Self-report data

4

Sheley and Brewer (1995)

Cross-sectional

418

10 and 11th grade students at 3 of 7 suburban public high schools in Jefferson Parish LA

M age 16

48% male

66% White, 21% Black

Current carriage = 17%

Gun carriage was associated with male sex (AOR = 1.1), White race (AOR = 1.4), drug activity (AOR = 1.2), and violent criminality (AOR = 1.7). Dangerous environmental exposure is significant overall (i.e., threatened with gun). Environmental findings differend by sex, with having been threatened with gun significant for boys, while fear of being shot by age 25 was significant for girls

Limited generalizability

Suburban sample

Cross-sectional data

Self-report data

6

Simon et al. (1998)

Cohort

2200

9th and 12th grade students from 6 school districts in San Diego and Los Angeles, CA.

Analytic sample is 12th grade students with complete data

44% Male

30% White

38% Hispanic

8% Black

11% Asian

32% low SES

Lifetime gun carriage

Boys = 22%

Girls = 5%

Psychosocial: Risk-taking (male = AOR 3.1; female = AOR 4.1), depression (male = AOR 1.6; female = AOR 2.4), stress (male = AOR 1.9; female = AOR 2.8), and temper (male = AOR 1.9; female = AOR 2.8) in 9th grade was predictive of carriage in 12th grade for male and female students

Behavioral: 9th grade factors including 3 + days school absence (AOR 2.4), 2 + parties in prior month (AOR 1.9), cigarette (AOR = 2.2), alcohol (AOR = 1.9), and MJ (AOR 2.3) use were predictive of carriage in 12th grade for males. For females, cigarette (AOR 5.1), alcohol (AOR 3.7), and MJ (AOR 3.6) use in 9th grade predicted 12th grade carriage

Perceptions neighborhood crime and SES were associated w/carriage after adjusting for demographics (age, gender)

Limited generalizability

Geographic distribution

Self-report data

Only included students completing survey at both timepoints (may miss school dropouts who may be more likely to carry guns)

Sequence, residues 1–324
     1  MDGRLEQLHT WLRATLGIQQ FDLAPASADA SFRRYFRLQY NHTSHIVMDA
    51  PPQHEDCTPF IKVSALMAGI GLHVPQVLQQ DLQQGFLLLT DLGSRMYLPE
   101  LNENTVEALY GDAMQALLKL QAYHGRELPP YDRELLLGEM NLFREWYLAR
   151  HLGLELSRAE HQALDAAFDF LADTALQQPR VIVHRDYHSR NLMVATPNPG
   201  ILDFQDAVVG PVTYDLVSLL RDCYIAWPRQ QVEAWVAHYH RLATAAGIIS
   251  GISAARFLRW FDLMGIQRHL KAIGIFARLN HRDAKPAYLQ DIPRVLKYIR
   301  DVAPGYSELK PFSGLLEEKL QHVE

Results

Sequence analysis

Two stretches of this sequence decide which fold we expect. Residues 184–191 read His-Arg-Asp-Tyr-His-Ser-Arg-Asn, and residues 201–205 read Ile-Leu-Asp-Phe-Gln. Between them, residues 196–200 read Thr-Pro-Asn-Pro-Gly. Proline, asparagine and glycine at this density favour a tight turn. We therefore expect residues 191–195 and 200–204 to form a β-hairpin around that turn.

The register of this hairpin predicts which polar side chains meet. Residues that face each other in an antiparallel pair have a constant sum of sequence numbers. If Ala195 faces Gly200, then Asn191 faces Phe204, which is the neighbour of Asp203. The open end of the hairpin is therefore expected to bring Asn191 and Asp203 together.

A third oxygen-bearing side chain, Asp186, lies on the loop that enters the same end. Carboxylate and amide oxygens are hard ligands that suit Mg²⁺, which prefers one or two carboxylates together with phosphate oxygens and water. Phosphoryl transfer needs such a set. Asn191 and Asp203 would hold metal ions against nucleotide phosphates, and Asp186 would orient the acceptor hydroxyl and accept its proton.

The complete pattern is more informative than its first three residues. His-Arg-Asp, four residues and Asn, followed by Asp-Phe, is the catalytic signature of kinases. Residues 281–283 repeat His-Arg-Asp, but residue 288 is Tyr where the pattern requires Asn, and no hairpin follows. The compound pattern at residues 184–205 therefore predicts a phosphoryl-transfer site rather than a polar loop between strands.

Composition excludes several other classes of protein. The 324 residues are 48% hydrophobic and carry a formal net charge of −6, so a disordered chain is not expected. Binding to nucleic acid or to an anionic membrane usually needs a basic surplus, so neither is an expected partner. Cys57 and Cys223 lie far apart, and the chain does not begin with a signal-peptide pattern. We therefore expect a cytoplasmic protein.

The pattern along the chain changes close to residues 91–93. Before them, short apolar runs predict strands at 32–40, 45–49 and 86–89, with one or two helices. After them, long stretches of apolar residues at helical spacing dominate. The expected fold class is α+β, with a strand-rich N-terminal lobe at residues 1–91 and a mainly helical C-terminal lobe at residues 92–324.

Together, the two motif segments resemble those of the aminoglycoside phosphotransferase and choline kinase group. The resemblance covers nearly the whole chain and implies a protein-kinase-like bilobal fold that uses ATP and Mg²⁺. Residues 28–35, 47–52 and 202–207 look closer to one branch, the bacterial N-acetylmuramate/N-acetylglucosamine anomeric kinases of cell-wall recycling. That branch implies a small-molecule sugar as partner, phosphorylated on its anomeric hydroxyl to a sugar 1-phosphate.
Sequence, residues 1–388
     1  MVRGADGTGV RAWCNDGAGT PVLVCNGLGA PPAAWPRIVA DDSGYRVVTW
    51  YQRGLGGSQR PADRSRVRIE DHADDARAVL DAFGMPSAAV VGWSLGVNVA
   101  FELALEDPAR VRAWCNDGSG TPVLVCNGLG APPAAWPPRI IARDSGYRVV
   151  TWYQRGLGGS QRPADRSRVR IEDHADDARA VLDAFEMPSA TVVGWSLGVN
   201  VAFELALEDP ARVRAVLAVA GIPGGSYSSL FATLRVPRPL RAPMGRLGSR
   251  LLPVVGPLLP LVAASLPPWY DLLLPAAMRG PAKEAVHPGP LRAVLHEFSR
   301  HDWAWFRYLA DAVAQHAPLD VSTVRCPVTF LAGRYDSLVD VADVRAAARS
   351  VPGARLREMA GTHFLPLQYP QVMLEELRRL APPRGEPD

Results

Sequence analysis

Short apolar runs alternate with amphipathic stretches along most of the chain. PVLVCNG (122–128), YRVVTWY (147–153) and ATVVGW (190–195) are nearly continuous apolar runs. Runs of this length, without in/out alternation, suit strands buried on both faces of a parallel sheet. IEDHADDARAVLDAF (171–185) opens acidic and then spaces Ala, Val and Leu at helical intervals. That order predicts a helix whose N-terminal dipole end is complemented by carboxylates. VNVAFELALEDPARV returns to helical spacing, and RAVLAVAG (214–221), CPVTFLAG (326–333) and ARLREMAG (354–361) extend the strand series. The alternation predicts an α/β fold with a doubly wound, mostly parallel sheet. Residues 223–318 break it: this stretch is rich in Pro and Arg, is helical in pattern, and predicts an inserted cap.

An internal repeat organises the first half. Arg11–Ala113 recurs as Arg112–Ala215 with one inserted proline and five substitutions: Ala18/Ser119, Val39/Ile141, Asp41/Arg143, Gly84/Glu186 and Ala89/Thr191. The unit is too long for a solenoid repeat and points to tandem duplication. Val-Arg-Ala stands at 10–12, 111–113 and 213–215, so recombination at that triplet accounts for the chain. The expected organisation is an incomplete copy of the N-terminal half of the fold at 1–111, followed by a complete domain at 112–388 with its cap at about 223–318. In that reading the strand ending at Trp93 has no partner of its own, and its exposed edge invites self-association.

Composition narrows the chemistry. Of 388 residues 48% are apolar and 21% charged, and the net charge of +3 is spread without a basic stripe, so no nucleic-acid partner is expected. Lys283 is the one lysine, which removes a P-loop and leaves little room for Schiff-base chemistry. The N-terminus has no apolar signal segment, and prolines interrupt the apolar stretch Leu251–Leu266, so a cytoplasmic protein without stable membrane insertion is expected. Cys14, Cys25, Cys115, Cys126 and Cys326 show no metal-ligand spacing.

7

Tigri et al. (2016)

Cohort

National Longitudinal Survey of Youth, data from 5 yrs of annual surveys

5018

Nationally representative sample of youth throughout the US. Analysis excludes NLSY oversample of Black and Hispanic youth

M age 14 at baseline;

M age 19 at last wave

50% male

70% White

Lifetime carriage = 9% at baseline

Past 1-year carriage = 4% at final wave

After adjusting for age, race, sex, prior carriage, prior peer gang membership, prior gang membership, prior delinquency, current gang membership (OR ranging 2.5–4.2), current peer gang membership (OR ranging 1.6 to 2.2), and delinquency behaviors OR ranging 1.8–2.8) were associated with carriage. Gang membership was strongest RF; delinquency measure most consistent. When examined by sex, gang membership is stronger for both sexes in early adolescence and diminishes in late adolescence (esp for females). Association of gang membership with carriage was inconsistent across race/ethnicity

Self-report data

No characterization of gun carrying frequency

No temporal causality given that RF were examined concurrently at time points (although accounted for lagged RF from prior waves of data)

5

Turner et al. (2016)

Cohort

National Longitudinal Survey of Youth, Sample drawn from 14 years of annual data

6641

Nationally representative sample of youth throughout the US. Analysis excludes NLSY oversample of Black and Hispanic youth.

M age 14 at start of study, M age 27 at end of study.

51% Male

70% White 16% Black

14% Hispanic

Lifetime carriage = 28%

Past 1-year carriage = 24%

Past 30-day carriage = 13%

Past 30-day carriage to school = 1%

Repeat bullying victims were more likely (than non-victims) to carry during past 1-year (OR 1.3) and 30-days (OR 1.2) after controlling for prior carriage and socio-demographic factors, peer gang membership, neighborhood gang presence, gang membership. When examined by age, only childhood bullying victims remained significantly associated with carriage; adolescent victims and victims during childhood & adolescence were not associated with carriage. Repeat bullying and childhood repeat bullying predicted gun carriage in propensity score matching analysis

Self-report data

Recall bias from retrospective measure of bullying

Unclear cross-over effect (i.e., proportion of bullying victims were also aggressors)

6

Vaughn et al. (2012)

Cross-sectional

2008 National Survey on Drug Use and Health (NSDUH)

17,842

Multistage probability sample weighted to create a nationally representative sample of US youth (age > 12); Sample restricted to age 12–17 y/o